Programming, Security, Privacy, Technical, Uncategorized

ChatGPT, DAN, and Turning Up the Heat with Adversarial Machine Learning


ChatGPT was released in November 2022 which means that, as of the writing of this article, it has been out for roughly 3 months — Long enough for the good stuff to start coming out. What do I mean? After the initial “wow” factor hits, for many people the next phase is exploration. This is my favourite part. In the exploration phase, you start saying things like, “I wonder if it can do this…”, or “I bet it can’t do that”. These are the natural “pushing of boundaries” in any new capability.

It should come as no surprise that many ChatGPT prompts were asking it to generate text that one may find “questionable”. The next natural step for an organization to take is to try and limit the technology in some way so that it does not generate such prompts. In ChatGPT’s case, OpenAI added (trained in) a simple ‘ethics’ check, where the system could respond with some form of “I’m sorry, it would be unethical to do that” response. Well now we have an adversarial game in itself! On one side, we have those pushing the new technology’s boundaries (ethical or not), and on the other side, we have the system’s designers and a desire to keep things above board (And out of the “bad” news cycles like Microsoft’s Tay Twitter bot).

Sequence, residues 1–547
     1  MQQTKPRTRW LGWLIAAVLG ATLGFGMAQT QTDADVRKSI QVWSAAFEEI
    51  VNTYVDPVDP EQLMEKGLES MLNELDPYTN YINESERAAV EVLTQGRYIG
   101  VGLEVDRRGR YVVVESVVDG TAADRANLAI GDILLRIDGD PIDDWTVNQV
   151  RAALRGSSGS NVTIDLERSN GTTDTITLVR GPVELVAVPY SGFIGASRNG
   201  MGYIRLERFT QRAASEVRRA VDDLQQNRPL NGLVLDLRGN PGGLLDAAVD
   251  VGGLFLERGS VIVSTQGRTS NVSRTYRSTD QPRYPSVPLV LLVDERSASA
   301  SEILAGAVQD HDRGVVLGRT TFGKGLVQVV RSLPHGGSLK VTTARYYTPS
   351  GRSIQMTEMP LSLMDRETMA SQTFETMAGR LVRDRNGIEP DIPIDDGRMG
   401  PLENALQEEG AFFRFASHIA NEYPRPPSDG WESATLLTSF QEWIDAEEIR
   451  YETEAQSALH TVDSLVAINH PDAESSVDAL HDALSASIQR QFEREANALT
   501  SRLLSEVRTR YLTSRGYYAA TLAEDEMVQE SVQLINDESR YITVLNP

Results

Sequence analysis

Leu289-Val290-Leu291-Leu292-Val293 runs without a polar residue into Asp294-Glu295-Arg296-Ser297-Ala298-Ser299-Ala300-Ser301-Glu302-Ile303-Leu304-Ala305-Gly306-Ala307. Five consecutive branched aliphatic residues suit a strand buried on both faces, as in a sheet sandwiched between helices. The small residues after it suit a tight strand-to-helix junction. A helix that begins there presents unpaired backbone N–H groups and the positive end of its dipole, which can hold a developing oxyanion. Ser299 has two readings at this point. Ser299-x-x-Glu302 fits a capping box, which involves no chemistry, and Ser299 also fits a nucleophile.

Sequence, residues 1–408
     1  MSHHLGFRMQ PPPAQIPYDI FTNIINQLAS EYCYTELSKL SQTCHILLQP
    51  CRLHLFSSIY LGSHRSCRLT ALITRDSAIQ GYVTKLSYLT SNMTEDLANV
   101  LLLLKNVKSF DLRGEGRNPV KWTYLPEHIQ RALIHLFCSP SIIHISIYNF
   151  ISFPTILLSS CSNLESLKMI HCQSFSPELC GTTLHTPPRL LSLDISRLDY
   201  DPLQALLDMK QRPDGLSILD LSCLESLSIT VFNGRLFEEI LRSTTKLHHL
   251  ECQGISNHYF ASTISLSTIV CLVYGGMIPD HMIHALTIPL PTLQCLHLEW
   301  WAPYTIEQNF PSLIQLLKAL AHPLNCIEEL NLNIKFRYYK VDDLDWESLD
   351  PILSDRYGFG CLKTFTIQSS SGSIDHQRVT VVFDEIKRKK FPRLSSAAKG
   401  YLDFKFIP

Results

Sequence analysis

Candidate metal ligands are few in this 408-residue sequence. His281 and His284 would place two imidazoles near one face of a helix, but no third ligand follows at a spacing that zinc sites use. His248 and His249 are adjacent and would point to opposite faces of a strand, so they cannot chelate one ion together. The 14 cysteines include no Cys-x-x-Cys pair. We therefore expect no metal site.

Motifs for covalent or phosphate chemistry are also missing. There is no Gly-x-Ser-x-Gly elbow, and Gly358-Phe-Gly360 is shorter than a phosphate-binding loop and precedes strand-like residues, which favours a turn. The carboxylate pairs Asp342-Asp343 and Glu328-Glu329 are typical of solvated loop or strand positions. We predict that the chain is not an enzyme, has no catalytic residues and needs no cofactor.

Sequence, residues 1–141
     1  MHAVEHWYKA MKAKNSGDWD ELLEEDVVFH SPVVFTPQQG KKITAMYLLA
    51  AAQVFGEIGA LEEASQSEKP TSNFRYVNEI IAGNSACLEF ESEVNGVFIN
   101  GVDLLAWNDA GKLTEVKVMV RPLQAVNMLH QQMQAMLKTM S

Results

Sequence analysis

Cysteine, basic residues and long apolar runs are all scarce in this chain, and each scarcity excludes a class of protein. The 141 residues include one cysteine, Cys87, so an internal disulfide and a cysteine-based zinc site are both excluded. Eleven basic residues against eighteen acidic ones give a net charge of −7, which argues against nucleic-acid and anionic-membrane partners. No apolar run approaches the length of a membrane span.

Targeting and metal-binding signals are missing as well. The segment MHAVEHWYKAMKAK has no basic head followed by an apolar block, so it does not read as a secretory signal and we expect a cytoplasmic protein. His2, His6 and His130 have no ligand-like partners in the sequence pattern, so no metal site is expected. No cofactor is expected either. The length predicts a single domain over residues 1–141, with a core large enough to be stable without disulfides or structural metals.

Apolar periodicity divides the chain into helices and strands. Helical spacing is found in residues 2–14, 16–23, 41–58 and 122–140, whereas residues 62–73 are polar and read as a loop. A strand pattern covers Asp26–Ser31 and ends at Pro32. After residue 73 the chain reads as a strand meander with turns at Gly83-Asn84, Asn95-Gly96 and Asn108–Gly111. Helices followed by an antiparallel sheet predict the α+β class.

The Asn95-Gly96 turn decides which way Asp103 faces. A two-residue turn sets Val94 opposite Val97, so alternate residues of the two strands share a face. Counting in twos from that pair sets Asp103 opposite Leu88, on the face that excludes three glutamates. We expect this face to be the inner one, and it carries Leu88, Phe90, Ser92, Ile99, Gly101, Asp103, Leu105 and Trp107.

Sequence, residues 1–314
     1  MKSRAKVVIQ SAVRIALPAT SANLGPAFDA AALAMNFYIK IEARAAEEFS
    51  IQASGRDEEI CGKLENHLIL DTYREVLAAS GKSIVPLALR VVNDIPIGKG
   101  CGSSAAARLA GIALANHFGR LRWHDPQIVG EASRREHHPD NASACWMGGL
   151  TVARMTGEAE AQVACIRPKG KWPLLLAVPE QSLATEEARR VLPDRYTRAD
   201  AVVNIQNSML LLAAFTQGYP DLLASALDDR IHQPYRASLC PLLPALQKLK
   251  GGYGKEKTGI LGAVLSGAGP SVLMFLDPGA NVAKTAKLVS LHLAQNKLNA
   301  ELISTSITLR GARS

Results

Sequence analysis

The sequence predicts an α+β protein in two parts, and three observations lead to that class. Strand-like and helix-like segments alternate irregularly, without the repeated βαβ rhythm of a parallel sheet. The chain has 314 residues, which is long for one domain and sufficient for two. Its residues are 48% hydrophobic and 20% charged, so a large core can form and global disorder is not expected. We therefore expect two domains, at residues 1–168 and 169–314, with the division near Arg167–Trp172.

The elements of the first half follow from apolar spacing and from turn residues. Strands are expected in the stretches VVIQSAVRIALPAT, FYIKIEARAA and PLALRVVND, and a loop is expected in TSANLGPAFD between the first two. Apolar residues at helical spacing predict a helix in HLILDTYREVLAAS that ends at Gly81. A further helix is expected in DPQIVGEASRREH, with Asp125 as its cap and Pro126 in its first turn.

This results in the arms race that security practitioners know all too well — and of particular interest to myself as my PhD research is on adversarial Machine Learning (ML) inputs and attacking systems with other “AI” systems.

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